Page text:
In our storage unit I have a small collection of Classic’s Illustrated that somehow survived after 50 years. What has not survived was my collection of war comics from the 60’s.
Back in the day every time dad went to a drugstore or some other outlet that had comic books I got one. I remember 12c for a copy just as shown below on the cover. Favorites would have been Sgt. Rock and Easy Company, The Haunted Tank and Sgt. Fury and the Howling Commandoes. I suspect that as I got older dad directed me to the Classic’s Illustrated rather than the pseudo history in the war comics. Frankly, I’m glad that he did because dad gave me a love for history that have to this day. (We also went to the public library frequently where I’d pick up various books on history. I distinctly remember reading books on the Battle of Britain, the Alamo, and Hernando Cortez.)
My war comics disappeared so when I have an opportunity to get some of them back at flea markets, rummage sales or antique shops I’ll buy a few if the price is right. As it is I now have a small collection of Sgt. Rock and Sgt. Fury and some odds and ends that I do not recall owning as a child.
One comic that I just picked up at a flea market for $2.00 is Battlefield Action by Charlton Comics Group. Charlton was big in the comic book industry in the comic book “silver age” as illustrated by this quote from WikiPedia:
“During the Silver Age, Charlton, like Marvel and DC, published war comics. Notable titles included the “Fightin'” line of Fightin’ Air Force, Fightin’ Army, Fightin’ Marines, and Fightin’ Navy; the “Attack” line of Army Attack and Submarine Attack; Battlefield Action; D-Day, U.S. Air Force Comics, and War Heroes. Though primarily anthologies of stories about 20th-century warfare, they included a small number of recurring characters and features, including “The American Eagle”, “Shotgun Harker and the Chicken“, “The Devil’s Brigade“, “The Iron Corporal” and “The Lonely War of Capt. Willy Schultz“. Army War Heroes and Marine War Heroesdepicted stories based on actual Medal of Honor recipients.” Charlton Comics WikiPedia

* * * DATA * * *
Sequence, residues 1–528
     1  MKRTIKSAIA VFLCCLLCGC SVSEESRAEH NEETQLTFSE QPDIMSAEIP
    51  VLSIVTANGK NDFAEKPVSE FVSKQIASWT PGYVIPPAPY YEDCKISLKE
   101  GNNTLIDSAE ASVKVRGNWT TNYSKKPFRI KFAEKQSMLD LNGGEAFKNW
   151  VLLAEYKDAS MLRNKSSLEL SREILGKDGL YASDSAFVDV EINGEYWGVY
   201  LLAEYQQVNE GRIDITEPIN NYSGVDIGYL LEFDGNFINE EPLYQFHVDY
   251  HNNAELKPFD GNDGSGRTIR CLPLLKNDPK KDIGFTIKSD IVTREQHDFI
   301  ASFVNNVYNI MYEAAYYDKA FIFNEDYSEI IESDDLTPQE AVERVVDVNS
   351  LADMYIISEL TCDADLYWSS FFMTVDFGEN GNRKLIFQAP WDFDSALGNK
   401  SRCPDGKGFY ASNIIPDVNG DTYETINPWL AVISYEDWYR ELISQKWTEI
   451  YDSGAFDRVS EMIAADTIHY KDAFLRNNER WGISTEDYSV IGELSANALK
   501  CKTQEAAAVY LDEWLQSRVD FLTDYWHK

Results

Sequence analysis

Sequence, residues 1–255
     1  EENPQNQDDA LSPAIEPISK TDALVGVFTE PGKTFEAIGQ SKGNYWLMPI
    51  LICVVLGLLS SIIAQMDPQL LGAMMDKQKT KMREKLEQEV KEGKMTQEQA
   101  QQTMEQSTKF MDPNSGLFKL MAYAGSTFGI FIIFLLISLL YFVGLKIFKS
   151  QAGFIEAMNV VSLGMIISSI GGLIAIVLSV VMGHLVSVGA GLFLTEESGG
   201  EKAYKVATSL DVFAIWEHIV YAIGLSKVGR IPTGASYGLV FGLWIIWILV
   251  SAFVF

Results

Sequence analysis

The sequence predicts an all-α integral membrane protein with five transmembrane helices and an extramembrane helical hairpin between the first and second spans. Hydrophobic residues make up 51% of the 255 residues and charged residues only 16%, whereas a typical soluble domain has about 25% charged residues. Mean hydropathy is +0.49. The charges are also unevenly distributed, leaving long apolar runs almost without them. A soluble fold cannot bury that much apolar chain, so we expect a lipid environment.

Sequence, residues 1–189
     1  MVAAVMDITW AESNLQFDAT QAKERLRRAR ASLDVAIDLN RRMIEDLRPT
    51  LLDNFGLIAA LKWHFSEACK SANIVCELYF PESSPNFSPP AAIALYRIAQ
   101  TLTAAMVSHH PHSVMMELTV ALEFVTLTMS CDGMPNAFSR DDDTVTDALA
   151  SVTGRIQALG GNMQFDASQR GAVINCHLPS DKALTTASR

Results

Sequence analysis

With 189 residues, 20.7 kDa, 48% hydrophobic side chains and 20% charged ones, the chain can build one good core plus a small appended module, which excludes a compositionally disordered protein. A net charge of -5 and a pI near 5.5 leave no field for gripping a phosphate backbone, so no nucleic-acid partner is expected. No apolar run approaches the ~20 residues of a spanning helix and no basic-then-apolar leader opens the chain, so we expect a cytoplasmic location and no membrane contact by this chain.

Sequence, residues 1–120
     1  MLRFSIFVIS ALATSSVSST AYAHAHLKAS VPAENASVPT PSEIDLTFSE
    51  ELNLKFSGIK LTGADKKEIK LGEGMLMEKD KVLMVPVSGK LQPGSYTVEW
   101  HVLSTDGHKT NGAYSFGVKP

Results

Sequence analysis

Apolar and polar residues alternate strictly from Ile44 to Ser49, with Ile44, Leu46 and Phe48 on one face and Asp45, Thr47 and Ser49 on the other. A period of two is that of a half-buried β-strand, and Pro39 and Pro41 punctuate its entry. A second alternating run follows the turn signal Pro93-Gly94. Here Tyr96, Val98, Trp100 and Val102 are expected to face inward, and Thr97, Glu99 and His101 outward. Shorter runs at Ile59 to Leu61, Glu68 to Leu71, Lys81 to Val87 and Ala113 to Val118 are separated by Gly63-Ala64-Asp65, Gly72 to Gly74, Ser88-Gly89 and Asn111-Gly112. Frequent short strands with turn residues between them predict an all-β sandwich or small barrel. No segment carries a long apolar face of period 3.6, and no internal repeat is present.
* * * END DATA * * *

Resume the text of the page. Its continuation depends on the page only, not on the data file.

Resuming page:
The issue I found is from the Battlefield Action line, Volume Two, Number 56, January 1965. It sold for 12 cents and a year subscription of 6 issues was 70 cents
Charlton headed each page wit the words, “Charlton Comics Give You More.” In those days competition with the other comic book producers was fierce so Charlton tried to have more features than their competitiors and judging from my issue of Battlefield Action I’d say they suceeded.
The main feature was always the cover story-in this issue Tushari’s Gun. Here’s the first page of the story.
The story line is a Marine patrol comes upon a lone Japanese marching gunner. In 60’s comics the Japanese are often referred to you as “Nips” or “Japs” illustrating the still racially charged jargon from WW2. The enemy whether German or Japanese were usually portrayed as sinister or sneaky.
The date on this particular issue is January, 1965 and I would have been 12 years-old. In addition to the long feature there is a story set in the Korean War and another against the Germans.
Charlton advertised on every page that “Charlton Comics Give You More” and they did. Included in every issue was a number of historical pages including at least one with no art work and just text. In this case the main historical article was titled “Cheesebox on a Raft” a description of the USS Monitor as it encountered the CSA Merrimac (Virginia) off Hampton Roads, March 9th, 1862. It was the first encounter between armored warships and it made wooden warships obsolete. The author refers to a lithograph of the Monitor and I’m guessing this is it below:
By the mid-seventies and aftermath of Vietnam war comics began to disappear and I suppose it was inevitable given the anti-war sentiment of the times. My neighborhood chums and I didn’t have video games but we did have comic books and I fondly remember reading them on hot summer days when we took a break from sandlot baseball or bike riding.